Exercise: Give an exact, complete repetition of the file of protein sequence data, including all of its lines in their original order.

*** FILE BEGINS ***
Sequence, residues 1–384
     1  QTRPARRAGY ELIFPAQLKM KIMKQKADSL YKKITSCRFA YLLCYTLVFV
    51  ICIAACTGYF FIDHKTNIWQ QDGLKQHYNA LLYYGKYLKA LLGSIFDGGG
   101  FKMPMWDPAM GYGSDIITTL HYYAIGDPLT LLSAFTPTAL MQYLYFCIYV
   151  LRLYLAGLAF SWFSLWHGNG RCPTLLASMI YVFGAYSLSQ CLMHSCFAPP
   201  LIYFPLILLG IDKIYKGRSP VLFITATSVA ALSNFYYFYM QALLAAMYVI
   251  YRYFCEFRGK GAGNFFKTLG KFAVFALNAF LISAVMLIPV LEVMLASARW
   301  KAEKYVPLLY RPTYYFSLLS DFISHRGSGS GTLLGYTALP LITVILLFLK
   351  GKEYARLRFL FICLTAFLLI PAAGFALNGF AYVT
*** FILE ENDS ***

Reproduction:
Sequence, residues 1–384
     1  QTRPARRAGY ELIFPAQLKM KIMKQKADSL YKKITSCRFA YLLCYTLVFV
    51  ICIAACTGYF FIDHKTNIWQ QDGLKQHYNA LLYYGKYLKA LLGSIFDGGG
   101  FKMPMWDPAM GYGSDIITTL HYYAIGDPLT LLSAFTPTAL MQYLYFCIYV
   151  LRLYLAGLAF SWFSLWHGNG RCPTLLASMI YVFGAYSLSQ CLMHSCFAPP
   201  LIYFPLILLG IDKIYKGRSP VLFITATSVA ALSNFYYFYM QALLAAMYVI
   251  YRYFCEFRGK GAGNFFKTLG KFAVFALNAF LISAVMLIPV LEVMLASARW
   301  KAEKYVPLLY RPTYYFSLLS DFISHRGSGS GTLLGYTALP LITVILLFLK
   351  GKEYARLRFL FICLTAFLLI PAAGFALNGF AYVT